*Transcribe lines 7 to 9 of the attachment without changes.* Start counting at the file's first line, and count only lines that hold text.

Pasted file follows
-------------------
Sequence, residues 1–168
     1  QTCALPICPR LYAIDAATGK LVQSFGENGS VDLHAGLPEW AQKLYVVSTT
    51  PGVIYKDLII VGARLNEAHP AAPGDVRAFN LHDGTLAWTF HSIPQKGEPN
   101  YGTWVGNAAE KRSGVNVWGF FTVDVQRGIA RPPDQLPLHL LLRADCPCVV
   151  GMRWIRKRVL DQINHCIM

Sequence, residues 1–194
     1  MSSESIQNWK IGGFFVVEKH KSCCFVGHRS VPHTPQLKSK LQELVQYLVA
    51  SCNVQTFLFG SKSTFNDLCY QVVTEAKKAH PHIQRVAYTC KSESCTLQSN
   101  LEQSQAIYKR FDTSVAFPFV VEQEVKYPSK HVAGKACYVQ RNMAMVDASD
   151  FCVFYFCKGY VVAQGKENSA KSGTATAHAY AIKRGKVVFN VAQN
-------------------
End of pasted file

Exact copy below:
     1  MSSESIQNWK IGGFFVVEKH KSCCFVGHRS VPHTPQLKSK LQELVQYLVA
    51  SCNVQTFLFG SKSTFNDLCY QVVTEAKKAH PHIQRVAYTC KSESCTLQSN
   101  LEQSQAIYKR FDTSVAFPFV VEQEVKYPSK HVAGKACYVQ RNMAMVDASD